Physical Activity and Athletic Competition for Individuals with Disabilities (pdf)

Single-Sex Physical Education Classes: The Foundation Position

Girls reap positive benefits from physical activity at a young age in terms of psychological and physical well-being and academic and career success later in life. For many young girls, physical education class is their first and only exposure to physical activity. School physical education is the most cost-effective mechanism for delivering quality movement programs to the greatest number of children.

Mandatory single-sex physical education is never appropriate. Schools should offer co-educational physical education.

Single-Sex Physical Education Classes: The Foundation Position (pdf)

Race and Sport: The Foundation Position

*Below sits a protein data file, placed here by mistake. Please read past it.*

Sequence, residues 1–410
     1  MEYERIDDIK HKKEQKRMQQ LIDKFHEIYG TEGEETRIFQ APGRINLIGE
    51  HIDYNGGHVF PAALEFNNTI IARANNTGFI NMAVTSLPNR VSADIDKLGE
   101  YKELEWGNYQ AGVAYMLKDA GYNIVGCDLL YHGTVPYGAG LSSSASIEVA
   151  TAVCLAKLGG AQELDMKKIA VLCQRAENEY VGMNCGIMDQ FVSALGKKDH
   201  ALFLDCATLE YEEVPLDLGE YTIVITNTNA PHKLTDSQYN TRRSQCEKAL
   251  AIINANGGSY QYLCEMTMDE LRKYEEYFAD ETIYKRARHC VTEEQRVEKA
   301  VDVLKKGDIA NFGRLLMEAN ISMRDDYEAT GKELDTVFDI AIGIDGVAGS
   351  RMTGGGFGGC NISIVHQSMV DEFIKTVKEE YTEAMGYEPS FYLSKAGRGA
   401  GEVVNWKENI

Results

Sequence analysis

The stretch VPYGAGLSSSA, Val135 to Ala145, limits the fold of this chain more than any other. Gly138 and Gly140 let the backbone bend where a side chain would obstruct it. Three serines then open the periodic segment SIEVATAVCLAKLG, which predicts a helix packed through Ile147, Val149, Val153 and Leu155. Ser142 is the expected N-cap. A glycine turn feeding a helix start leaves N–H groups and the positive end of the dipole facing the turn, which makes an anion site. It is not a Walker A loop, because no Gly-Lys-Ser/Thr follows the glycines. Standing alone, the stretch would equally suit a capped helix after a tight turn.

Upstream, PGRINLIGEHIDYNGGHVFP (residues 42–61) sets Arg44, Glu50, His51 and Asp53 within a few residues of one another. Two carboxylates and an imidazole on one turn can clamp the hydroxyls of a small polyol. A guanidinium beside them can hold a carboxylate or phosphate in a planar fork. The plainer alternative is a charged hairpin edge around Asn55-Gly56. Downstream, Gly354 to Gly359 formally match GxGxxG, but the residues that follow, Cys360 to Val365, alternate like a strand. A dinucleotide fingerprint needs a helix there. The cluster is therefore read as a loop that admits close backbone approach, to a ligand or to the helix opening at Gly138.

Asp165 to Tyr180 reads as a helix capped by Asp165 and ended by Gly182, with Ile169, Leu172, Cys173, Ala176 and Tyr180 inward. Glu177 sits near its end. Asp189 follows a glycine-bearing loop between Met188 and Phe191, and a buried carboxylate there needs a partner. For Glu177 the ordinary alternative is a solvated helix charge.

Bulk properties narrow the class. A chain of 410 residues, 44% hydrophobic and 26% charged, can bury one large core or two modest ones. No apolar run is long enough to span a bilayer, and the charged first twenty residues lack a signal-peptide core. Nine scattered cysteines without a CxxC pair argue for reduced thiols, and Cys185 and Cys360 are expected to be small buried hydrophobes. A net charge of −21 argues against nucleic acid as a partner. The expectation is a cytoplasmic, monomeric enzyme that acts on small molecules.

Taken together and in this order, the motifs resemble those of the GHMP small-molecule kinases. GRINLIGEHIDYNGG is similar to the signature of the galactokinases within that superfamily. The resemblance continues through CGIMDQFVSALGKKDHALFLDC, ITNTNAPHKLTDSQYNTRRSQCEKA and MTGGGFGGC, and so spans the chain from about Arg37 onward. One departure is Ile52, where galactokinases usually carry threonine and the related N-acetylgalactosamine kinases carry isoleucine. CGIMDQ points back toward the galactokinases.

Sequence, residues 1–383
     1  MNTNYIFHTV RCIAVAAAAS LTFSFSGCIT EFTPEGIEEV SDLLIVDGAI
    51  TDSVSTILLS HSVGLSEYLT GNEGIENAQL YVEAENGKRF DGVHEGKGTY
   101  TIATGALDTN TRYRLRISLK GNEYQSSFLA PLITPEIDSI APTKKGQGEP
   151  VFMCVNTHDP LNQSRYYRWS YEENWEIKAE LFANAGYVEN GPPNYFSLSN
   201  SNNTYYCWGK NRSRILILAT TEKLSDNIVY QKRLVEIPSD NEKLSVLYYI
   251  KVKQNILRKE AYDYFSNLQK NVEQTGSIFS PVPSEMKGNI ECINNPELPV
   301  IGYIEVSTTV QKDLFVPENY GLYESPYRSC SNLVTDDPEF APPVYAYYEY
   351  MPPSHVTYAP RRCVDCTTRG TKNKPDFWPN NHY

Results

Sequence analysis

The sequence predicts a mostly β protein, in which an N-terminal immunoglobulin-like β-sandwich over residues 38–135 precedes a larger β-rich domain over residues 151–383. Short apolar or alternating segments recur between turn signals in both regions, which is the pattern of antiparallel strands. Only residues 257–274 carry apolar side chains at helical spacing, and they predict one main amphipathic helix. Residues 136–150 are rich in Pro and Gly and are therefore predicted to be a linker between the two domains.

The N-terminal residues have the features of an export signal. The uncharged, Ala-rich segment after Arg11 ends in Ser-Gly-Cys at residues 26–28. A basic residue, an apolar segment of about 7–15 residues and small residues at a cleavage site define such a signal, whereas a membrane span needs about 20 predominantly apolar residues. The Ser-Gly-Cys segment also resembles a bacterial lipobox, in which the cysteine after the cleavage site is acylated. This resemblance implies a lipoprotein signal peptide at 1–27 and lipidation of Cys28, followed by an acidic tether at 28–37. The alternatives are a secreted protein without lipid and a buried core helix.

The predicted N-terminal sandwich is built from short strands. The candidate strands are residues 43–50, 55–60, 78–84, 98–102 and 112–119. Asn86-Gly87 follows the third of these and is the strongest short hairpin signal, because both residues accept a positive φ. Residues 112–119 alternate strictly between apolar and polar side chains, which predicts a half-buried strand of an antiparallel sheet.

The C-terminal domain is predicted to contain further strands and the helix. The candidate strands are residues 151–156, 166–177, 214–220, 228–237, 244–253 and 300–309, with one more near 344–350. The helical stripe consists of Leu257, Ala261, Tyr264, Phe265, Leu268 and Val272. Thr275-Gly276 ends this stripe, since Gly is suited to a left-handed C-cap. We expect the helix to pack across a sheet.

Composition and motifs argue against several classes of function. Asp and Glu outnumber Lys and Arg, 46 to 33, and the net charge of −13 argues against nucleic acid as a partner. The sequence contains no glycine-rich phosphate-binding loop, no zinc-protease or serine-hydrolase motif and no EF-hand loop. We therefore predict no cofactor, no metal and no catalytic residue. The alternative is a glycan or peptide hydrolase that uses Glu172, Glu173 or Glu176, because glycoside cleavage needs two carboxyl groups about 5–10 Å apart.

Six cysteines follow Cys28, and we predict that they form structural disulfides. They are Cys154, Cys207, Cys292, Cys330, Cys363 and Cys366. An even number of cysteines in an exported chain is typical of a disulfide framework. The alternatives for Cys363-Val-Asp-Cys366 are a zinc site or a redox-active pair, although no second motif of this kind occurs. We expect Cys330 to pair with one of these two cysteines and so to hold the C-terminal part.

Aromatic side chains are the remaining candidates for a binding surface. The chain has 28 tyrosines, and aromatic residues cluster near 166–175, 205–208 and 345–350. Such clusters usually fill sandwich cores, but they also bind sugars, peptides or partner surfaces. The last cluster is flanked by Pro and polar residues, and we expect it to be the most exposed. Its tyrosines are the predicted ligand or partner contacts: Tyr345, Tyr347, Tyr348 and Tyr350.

Sports participation is critical for a female of color just as it is for all females. Sport and physical activity are effective interventions to addressing the obesity crisis, and research shows that sports and physical activity participation has an incredibly positive impact on the lives of girls, especially girls of color, who are in greater need of both opportunities and encouragement. Athletic opportunities for female athletes of color have grown at double the rate of those for white female athletes since the passage of Title IX.